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Eliot play that film couldn't spoil

29 January 2016

Stephen Brown finds much to admire in this rarely seen adaptation

BFI

AT the foot of the cross: a scene from Murder in the Cathedral

AT the foot of the cross: a scene from Murder in the Cathedral

WE HAVE waited a long time, but here at last is what will, for many, be their first chance to see the 1952 film version of Murder in the Cathedral (Cert. PG), courtesy of a 2K remastered DVD.

There had been films in 1910 and 1923 about the assassination in 1170 of the Archbishop of Canterbury, Thomas Becket, in his cathedral. T. S. Eliot’s version appears to be the first talkie about “this meddlesome priest” — not that anybody knows for certain if an enraged Henry II ever uttered these words. There is no mistaking, though, the king’s exasperation with a Church unprepared to subject its clergy to the “customs of the realm”.

Henry hadn’t reckoned with the upsurge of public grief over Thomas’s death. Its effect was to thwart Henry’s efforts to revise church-state relationships. It wasn’t until the reign of Henry VIII, several centuries later, that Becket’s legacy of church supremacy was finally quashed.

The film, through those who killed Becket, bids us remember that their actions were the first step towards a secular society built on welfare and justice. Yet 800 years later, “you still call us murderers.”

The film is based on the play about the assassination of Thomas Becket which George Bell, as Dean of Canterbury, commissioned for the city’s annual arts festival. Eliot had already collaborated with Bell on The Rock, a pageant with music by Martin Shaw, which includes some of the poet’s words, as well as others by the Revd R. Webb-Odell.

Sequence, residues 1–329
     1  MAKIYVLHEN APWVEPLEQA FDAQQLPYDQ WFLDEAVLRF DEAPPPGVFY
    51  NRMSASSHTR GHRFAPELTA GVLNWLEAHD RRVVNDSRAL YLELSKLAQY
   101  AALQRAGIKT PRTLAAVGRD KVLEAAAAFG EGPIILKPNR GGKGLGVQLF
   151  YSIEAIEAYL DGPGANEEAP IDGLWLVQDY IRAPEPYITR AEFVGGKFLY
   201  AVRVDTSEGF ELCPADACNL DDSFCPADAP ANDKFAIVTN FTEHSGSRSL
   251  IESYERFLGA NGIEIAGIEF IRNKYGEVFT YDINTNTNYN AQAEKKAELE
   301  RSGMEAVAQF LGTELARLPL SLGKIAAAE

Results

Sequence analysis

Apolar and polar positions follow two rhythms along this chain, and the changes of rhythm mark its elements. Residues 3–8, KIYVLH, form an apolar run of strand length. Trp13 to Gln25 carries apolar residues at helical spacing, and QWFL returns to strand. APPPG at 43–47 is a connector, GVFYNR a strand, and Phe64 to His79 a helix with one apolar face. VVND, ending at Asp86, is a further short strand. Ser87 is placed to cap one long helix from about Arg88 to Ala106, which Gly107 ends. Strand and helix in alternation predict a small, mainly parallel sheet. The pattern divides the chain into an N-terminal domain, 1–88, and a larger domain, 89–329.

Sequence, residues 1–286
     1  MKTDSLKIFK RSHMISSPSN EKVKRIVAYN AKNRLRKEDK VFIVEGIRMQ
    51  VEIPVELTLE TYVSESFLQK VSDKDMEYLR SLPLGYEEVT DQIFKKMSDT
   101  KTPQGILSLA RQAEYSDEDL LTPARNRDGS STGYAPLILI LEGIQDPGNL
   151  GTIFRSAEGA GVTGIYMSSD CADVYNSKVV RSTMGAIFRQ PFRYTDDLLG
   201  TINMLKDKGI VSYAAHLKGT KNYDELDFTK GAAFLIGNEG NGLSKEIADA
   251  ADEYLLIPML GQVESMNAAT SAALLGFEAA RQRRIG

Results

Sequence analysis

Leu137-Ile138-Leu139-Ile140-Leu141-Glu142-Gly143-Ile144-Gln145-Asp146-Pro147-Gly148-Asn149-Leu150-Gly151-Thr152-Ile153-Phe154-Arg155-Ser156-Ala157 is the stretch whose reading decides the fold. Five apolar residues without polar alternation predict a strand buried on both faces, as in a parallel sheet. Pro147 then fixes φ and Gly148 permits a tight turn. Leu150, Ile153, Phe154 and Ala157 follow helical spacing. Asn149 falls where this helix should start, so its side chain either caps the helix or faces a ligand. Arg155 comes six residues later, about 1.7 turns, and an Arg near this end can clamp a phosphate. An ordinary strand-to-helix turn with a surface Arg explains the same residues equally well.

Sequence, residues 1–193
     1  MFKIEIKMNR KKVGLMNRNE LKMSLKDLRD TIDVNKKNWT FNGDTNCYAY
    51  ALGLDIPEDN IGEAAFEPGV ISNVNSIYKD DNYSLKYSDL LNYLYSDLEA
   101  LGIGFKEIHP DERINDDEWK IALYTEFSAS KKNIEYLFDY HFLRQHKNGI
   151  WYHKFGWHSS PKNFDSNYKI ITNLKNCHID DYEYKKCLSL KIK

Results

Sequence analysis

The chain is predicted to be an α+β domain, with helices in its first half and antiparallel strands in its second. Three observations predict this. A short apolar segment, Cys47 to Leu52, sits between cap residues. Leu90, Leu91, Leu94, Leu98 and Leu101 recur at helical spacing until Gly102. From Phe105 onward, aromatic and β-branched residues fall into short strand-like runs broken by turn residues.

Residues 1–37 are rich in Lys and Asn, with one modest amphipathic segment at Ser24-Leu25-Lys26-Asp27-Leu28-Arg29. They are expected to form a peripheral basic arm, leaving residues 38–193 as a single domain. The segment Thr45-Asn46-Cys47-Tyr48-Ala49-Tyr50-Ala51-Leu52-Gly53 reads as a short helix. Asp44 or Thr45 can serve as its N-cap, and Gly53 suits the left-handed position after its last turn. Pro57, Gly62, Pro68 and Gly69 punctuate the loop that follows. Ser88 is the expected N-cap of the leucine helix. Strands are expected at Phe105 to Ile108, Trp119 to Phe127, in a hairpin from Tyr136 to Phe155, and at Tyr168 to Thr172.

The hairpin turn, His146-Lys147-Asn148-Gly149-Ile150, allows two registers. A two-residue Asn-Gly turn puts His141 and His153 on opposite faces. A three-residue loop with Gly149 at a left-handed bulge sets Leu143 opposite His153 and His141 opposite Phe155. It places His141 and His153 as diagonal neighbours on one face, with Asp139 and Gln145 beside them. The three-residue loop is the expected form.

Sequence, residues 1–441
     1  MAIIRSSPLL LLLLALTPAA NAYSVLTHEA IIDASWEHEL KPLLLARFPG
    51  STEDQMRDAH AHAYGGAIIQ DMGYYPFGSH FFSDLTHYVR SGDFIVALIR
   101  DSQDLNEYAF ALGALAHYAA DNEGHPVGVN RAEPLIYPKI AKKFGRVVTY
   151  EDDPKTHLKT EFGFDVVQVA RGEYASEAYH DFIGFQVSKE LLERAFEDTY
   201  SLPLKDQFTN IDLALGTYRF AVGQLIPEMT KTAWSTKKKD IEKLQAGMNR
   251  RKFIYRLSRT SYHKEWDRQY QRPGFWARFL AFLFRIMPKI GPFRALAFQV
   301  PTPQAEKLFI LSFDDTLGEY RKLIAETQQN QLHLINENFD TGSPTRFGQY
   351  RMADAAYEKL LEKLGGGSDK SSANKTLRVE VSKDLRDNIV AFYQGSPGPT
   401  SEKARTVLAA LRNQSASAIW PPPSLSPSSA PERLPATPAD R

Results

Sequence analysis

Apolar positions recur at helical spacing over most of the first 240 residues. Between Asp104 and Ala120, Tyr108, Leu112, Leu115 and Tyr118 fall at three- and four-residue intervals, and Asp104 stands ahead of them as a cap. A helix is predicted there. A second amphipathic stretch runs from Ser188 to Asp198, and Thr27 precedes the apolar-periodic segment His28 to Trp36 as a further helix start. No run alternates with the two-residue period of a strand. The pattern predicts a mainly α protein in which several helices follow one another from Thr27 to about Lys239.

From what we can gather, this priest was involved because performances of The Rock were in aid of the Forty-Five Churches Fund, for which Webb-Odell was raising money to build new churches in the suburbs of London. The pageant’s director, E. Martin Browne, had the job of shaping the final text.

It might strike us as a brave thing to tamper with the verses of an already famous poet. Eliot seems to have borne him no grudge; for Browne went on to direct the first performance of the Becket play. It took place in the Chapter House of Canterbury Cathedral on 25 June 1935. This was Eliot’s first full-length play, and, while it cemented the writer’s reputation, critics and audiences have appreciated the words rather more than its staging.

Ironically, this was what most attracted George Hoellering to make a film version. If Murder in the Cathedral, he said, had been written more in keeping with a conventional theatrical structure, he would have had less incentive to transfer it to the screen. “I could only have spoilt something that was already perfect in its way.”

Hoellering was a refugee from the Nazis but, because of his Austro-Hungarian origins, was interned on the Isle of Man during the Second World War. During this time, a friend lent him a copy of the play. Its themes of self-sacrifice and martyrdom deeply impressed the man. On release, he met Eliot, who, reluctant though he was, eventually agreed to the film. This was mainly because of Hoellering’s enthusiasm and insight about the piece; but the deal was only finally struck after Eliot was invited to a special showing at the Academy Cinema (where Hoellering was managing director) to watch his film Hortobágy (about Hungarian country folk resisting agricultural mechanisation), which he had made pre-war in Hungary.